Background: the aim of this study is to bring a better understanding of the theory of interactive regulation. This is done by examining how learning is regulated by the teacher at a fine-grained micro level during whole class discussion. The study investigates the processes involved with the construct of ‗micro regulation‘. The decision to focus on micro regulation arose from an initial interest in formative assessment which, in its broadest sense, is concerned with how teachers elicit, interpret and use evidence of student understanding to better meet the needs of learners. The literature identifies a number of weaknesses in both the conceptualisation of formative assessment and in its provision. For example, despite an investment of £150 million pounds over three years to promote formative assessment (DCSF, 2008) it has been recognised that there remains a ‗comparative weakness in provision‘ (OFSTED, 2009) whilst in the words of Professor Paul Black, formative assessment is ‗not happening‘ (TES, 2010). Regarding how formative assessment is conceptualised, Wiliam (2011) notes the way in which formative assessment has begun to be seen (wrongly in his view) as an assessment tool rather than a continuous process. Further reading in the field led the author to begin to view the more immediate and responsive process of micro regulation as being of primary importance, especially given his perspective as a classroom teacher. The review of the literature therefore led to a shift in focus from formative assessment to micro regulation. The construct of micro regulation is conceptualised as preceding formative assessment which is more concerned with making decisions about the next steps in instruction. The view was taken that it makes sense to examine the regulation that occurs prior to formative assessment as it is this initial regulation that may serve to inform decisions regarding whether or not subsequent instruction needs to be adjusted. Whilst some studies have been carried out into this more immediate form of regulation, there remains limited understanding surrounding this level of regulation as a continuous process, hence the need for this research. The literature review comprises two chapters. The first chapter attempts to make sense of formative assessment by examining the way in which it has evolved conceptually in the literature and the second chapter examines how regulation is conceptualised and highlights the main issues that this study addresses. Research questions: the main research question asks ‗What is the nature of the teacher-led regulation that takes place during whole class discussion?‘ Subsidiary research questions are asked about (i) the mechanisms that teachers use to regulate learning (ii) the way in which these mechanisms interact with other elements of the instructional activity (iii) the extent to which regulation is a continuous feature of the instructional activity and (iv) the perceived strengths and weaknesses of the regulation that takes place during the instructional activity. Results and analysis: a qualitative methodology was developed in order to comprehensively describe the structure of both the whole class discussion activity and the regulation that exists within this activity. Teacher – student discourse that took place across 20 lessons (involving five teachers and three different curriculum subjects) was audio recorded and transcribed in full resulting in over 100,000 words of transcribed text. A qualitative content analysis was carried out using ‗analytic induction‘, an approach to data analysis that involves the initial development of an analytic scheme (i.e. coding) followed by its subsequent modification (Znaniecki, 1934). A number of ‗analysis-guiding‘ secondary research questions emerged inductively as the data analysis unfolded. During data analysis, the research literature was also been drawn upon with the result that the findings that emerged are both grounded in the data and validated by the literature. There were two distinct stages to the data analysis: descriptive and interpretive. Descriptive coding was used to describe the structure of whole class discussion activities and interpretive coding was carried out in order to identify the nature of the regulation that was evident within this structure. Findings and discussion: it was found that the structure of whole class discussion may be described in terms of a series of three-part and extended question-response-feedback (QRF) cycles. Validation for these QRF cycles was found in the literature. From a comprehensive description of the whole class discussion activity, it has been possible to identify the nature of the regulation that takes place. Micro regulation was found to comprise both regulatory questioning and regulatory feedback. In answer to the first subsidiary research question, it was found that regulatory questioning involves the use of modifiers and probes, whilst regulatory feedback involves teachers in confirming, rejecting, reformulating, providing answers to their own questions and finally by prompting students to help one another to solve a problem. In answer to the second subsidiary research question, it was found that regulation is a significant part of what a teacher does: an enlarged concept of regulation has developed in which regulation takes place both at the point at which evidence of student understanding is elicited (through teacher questioning) and also at the point at which this evidence is used to move learning forward (through feedback); regulation is both fully embedded in, and at the same time is an identifiable part of, the instructional activity. In answer to the third subsidiary research question, it was been found that regulation is a continuous feature of the whole class discussion activity. Finally, in answer to the fourth subsidiary research question, it was found that the strength of the regulation that takes place during whole class discussion activities varies greatly. Regulation remains weak if it takes place only during the three-part QRF cycle in which it is restricted to regulatory feedback alone. There is a stronger regulatory influence in the extended QRF cycle where teachers modify their questioning, however there is also evidence of a number of weaknesses in teacher questioning including the ‗guessing game‘, the ‗poorly worded question‘ and the ‗premature modifier‘. Strongest of all is the regulatory influence exerted in extended cycles through the use of probing questions. The outcome of this study is a conceptual model that shows how experienced teachers regulate learning during whole class discussion as well as a definition of the construct micro regulation. Conclusion: after summarising the main findings to come out of this study, this chapter discusses how teachers adjust the cognitive complexity of their questioning. Two further constructs emerge as a result of this discussion: regulatory questioning that has a ‗constructive‘ function and regulatory questioning that has a ‗deconstructive‘ function. A call is made for future research to focus less on regulatory feedback (which is often evaluative) and more on regulatory questioning which may be conceptualised in terms of these two functions. Such research would likely focus on emerging patterns of the adjustment of the cognitive complexity of questioning. In furtherance to this notion, a practical tool is proposed – the Regulatory Questioning Matrix – with which teachers might examine their own regulatory practice. Finally, this study draws to a close by taking a step back in order to consider the relationship micro regulation may have to other dimensions of interactive regulation.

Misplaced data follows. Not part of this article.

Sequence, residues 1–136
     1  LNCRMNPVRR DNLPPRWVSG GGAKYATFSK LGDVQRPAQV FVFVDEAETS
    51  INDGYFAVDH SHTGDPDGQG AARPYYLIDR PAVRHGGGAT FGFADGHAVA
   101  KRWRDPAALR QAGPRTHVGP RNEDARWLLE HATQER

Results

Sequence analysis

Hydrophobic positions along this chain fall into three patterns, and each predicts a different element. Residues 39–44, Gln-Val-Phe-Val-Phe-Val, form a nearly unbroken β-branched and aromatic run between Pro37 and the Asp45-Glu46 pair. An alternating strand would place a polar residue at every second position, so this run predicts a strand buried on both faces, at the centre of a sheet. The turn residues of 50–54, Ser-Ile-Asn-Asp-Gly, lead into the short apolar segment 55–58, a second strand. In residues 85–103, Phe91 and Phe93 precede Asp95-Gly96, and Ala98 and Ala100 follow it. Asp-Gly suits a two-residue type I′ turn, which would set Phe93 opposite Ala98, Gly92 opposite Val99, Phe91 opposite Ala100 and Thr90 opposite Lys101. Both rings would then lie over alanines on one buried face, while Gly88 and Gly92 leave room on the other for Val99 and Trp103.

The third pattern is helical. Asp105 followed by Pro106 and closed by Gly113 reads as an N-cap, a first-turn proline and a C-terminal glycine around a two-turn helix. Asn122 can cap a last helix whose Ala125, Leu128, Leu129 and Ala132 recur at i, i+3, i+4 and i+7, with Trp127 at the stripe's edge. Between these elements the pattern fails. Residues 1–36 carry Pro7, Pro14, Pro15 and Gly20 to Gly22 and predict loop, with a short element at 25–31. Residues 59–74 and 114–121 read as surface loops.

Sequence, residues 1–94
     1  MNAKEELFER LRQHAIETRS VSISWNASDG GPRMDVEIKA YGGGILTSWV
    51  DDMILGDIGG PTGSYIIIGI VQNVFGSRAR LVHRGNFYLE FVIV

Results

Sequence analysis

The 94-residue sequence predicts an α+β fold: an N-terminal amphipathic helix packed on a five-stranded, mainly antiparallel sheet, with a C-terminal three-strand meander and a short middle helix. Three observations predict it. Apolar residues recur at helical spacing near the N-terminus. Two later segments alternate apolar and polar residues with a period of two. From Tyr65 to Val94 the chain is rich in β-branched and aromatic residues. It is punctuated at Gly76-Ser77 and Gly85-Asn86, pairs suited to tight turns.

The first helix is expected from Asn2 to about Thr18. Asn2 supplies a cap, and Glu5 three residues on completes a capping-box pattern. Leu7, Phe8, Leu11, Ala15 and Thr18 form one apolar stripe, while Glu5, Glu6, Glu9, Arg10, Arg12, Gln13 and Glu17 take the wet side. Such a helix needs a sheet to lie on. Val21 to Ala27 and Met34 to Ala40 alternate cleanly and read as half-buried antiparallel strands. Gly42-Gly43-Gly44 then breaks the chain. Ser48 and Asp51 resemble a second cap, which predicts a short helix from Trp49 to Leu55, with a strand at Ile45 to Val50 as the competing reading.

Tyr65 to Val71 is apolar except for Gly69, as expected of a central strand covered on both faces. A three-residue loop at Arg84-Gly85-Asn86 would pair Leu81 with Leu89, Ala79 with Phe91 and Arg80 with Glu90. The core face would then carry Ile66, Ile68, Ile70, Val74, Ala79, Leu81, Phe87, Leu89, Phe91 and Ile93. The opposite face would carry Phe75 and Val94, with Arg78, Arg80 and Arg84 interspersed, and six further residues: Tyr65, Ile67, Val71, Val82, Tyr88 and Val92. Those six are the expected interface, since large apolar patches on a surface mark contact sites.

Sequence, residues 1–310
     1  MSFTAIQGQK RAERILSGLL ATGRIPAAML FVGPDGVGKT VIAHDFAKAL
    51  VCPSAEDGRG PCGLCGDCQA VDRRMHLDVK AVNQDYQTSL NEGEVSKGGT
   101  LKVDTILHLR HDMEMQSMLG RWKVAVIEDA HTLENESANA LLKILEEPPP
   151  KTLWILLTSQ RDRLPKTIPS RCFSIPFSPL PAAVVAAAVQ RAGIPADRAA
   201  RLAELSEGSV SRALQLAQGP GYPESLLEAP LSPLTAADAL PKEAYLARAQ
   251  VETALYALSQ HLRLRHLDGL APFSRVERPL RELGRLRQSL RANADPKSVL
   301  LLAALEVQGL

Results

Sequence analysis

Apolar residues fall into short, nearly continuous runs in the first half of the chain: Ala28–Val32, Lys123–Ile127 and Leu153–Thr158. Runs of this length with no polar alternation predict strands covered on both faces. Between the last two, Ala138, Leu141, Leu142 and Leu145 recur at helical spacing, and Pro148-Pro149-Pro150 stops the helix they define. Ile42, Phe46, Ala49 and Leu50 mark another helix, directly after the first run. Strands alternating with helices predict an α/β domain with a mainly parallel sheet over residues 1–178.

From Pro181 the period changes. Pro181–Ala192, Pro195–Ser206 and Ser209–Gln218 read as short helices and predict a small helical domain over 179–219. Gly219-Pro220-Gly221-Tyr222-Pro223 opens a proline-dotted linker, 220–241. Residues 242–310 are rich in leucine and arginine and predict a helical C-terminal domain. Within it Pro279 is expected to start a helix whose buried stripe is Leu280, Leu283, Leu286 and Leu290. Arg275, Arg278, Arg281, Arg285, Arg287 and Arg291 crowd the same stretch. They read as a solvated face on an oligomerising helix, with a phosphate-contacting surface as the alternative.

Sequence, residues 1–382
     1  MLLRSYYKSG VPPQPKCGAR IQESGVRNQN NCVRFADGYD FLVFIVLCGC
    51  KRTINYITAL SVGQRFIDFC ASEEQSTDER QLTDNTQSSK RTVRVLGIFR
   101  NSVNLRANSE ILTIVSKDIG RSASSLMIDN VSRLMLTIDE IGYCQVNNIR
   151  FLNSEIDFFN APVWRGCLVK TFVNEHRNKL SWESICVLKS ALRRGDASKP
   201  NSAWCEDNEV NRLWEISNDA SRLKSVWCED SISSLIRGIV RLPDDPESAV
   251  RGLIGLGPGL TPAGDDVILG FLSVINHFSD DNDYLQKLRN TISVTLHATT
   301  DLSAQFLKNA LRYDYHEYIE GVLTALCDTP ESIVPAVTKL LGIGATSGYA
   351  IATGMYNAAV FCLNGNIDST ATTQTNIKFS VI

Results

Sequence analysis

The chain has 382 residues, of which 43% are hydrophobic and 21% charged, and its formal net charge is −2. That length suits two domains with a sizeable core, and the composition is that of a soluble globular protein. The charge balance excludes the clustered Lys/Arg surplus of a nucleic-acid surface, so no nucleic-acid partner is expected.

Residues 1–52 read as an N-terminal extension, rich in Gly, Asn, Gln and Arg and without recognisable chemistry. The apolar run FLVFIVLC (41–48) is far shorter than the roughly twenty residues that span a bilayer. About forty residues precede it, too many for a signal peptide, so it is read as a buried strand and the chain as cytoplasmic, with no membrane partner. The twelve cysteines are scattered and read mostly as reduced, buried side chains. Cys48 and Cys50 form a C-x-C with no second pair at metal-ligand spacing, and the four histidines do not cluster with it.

Supervisor: Woollard, William Sponsor: Not available
Qualification Name: Thesis (Ph.D.) Qualification Level: Doctoral
EThOS ID: uk.bl.ethos.581565  DOI: Not available
Keywords: LB Theory and practice of education